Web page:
• James Purvis

How to Run a Perfect Sales Call: 5 Simple Steps

Something I've noticed is that a lot of sales reps and managers don't have a defined structure to their prospecting calls. This results in a lot of missed opportunity, time wasted, and messy sales conversations.

Awhile back I watched a great 30 minute training video from Gong on sales discovery that had a few key takeaways that helped me have a more structured approach to prospecting calls. Combining some of the tips I learned from Gong's training as well as some strategic questioning tactics I've leveraged in my career have helped increase my frequency of scheduled next steps two-fold.

Below are the 5 simple steps you can take to maximize the outcome of your prospecting calls.

Step 1: State the goal of the Meeting

After no more than 3-5 minutes of small talk, you should kick off the meeting by making an "up- front agreement." This agreement should be in the form of stating the goal of the meeting and having the prospect agree to it.


  • "My goal today is to determine if {Name of Your Company} would be a strong fit so that if you go further into this process with us, you know it's going to be time well-spent."

  • "If I find that we wouldn't be a great fit for you, I'll be upfront about it, and we can save time by going our separate ways. Is that fair?"

99% of the time your prospect will consent to this. It just makes sense. In addition, it helps you establish control of the meeting.

Step 2: Lay Out the agenda

Now that your prospect knows the goal of the meeting and is in agreement with it, you will want to define an agenda that sets both you and the prospect up for a successful outcome.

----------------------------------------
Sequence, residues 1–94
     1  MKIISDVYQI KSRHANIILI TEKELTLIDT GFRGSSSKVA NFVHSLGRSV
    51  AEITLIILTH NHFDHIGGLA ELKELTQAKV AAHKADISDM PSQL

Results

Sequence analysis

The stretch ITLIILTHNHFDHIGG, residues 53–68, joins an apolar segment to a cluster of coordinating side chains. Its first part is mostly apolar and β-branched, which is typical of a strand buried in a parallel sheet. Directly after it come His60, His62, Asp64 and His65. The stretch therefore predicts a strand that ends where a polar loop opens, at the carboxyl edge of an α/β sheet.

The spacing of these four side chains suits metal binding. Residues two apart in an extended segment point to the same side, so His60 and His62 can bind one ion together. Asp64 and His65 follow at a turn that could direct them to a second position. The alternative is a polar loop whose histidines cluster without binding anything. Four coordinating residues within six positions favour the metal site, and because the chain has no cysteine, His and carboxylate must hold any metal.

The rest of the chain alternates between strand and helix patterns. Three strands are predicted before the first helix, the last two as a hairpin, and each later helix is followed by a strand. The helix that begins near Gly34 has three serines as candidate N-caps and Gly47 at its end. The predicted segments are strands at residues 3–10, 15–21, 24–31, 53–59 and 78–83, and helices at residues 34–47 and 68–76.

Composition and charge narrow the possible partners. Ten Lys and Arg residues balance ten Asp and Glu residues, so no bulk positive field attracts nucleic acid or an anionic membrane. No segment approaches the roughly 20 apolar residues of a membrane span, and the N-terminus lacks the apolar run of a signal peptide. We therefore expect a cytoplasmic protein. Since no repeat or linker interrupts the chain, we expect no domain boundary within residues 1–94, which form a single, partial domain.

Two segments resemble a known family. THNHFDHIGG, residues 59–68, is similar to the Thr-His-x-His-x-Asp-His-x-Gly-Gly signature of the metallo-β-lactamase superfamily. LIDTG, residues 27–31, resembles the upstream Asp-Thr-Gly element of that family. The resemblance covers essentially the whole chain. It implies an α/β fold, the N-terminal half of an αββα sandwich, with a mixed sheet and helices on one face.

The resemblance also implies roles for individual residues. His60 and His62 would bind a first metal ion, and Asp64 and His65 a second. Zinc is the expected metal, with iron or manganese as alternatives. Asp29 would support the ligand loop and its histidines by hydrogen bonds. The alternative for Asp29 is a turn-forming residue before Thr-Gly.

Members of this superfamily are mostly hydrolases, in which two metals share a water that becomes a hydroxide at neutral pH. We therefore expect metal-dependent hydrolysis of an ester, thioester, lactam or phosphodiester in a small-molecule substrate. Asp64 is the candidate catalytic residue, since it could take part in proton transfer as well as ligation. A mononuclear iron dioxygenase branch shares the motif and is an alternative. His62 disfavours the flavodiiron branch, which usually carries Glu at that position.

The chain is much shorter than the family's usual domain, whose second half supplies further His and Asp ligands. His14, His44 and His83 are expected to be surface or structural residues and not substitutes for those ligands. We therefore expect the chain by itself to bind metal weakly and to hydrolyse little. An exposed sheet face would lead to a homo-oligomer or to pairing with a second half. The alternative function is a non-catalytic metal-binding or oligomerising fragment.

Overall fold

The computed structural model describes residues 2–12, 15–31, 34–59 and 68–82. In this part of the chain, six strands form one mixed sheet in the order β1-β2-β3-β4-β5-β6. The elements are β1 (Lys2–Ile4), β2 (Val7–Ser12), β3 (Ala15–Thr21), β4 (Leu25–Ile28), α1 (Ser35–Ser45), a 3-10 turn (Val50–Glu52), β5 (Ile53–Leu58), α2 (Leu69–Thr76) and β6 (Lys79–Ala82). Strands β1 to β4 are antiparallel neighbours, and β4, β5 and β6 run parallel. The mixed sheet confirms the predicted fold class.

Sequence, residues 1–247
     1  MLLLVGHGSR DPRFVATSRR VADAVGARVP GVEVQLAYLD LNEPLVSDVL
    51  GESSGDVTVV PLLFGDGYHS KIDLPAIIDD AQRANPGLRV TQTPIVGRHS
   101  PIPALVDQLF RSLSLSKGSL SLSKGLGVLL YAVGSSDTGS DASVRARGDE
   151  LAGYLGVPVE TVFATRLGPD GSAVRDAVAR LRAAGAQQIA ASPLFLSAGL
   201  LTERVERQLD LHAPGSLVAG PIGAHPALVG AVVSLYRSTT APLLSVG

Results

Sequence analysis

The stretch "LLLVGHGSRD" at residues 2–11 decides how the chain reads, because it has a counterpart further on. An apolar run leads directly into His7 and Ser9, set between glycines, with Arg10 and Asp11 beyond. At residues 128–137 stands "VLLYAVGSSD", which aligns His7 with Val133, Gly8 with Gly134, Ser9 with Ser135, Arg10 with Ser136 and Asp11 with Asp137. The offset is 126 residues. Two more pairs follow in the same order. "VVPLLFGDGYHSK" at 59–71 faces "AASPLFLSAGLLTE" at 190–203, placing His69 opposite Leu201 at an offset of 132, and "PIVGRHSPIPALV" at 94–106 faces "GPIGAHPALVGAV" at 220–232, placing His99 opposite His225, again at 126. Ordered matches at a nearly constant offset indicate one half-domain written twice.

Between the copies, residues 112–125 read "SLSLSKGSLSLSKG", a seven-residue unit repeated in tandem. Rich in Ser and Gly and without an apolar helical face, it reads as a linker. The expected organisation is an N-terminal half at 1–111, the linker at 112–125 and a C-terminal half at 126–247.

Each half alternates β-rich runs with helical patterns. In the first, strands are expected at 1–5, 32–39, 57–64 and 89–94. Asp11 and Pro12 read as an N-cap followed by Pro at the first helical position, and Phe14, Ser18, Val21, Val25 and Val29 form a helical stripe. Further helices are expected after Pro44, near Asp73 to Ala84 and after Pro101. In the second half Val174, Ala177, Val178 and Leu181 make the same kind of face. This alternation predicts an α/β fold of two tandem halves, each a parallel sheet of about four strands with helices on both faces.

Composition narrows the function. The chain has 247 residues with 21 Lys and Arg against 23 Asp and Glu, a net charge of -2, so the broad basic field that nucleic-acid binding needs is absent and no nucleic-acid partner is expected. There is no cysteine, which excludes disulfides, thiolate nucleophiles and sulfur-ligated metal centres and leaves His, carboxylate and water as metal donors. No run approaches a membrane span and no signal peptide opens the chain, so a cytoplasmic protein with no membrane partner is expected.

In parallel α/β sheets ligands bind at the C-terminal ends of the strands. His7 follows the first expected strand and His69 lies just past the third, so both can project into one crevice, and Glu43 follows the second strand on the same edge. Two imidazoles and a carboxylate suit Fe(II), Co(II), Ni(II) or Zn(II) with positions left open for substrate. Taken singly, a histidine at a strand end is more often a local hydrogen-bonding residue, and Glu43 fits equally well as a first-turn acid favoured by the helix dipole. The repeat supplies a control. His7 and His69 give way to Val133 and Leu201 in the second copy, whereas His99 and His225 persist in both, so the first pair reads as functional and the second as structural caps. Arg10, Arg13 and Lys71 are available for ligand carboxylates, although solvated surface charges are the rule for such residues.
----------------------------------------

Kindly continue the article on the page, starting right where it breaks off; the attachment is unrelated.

This will be your second "up-front contract" that the prospect acknowledges keeping you in the driver's seat for the conversation flow.


In Step 1 after you ask,"Is that fair?" and they answer, "Yes."

  • "Great! Now to achieve that, here's what I suggest we do."

  • "First, let's briefly talk about how you are doing {Name Your Solution Topic} today to understand if and where {Name of Your Company} might be able to help."

  • "Once we do that, I'll tell you a bit about {Name of Your Company}, how I think we can help, and schedule a next step if it makes sense to."

  • "Is there anything you want to add or remove from that agenda?"

  • "Great, let's get started!"

Step 3: Ask discovery questions that get long responses

You need to earn the right to ask prospects questions which is why Step 1 and Step 2 are so important. If you start the call with a bunch of questions, you will quickly turn off your prospect and make you sound like a cop.

Once you have earned the right, you can preface your questioning with what Gong refers to as a "Discovery Prompter" or by a well constructed elevator pitch. A discovery prompter is a short educational narrative about the problem or opportunity your product solves for. If done correctly, your discovery prompter or elevator pitch will get your prospect talking.

Finish it off by saying, "Enough about {Your Company Name}. Help me understand your top challenges and priorities?" This will be your segue into your discovery questioning.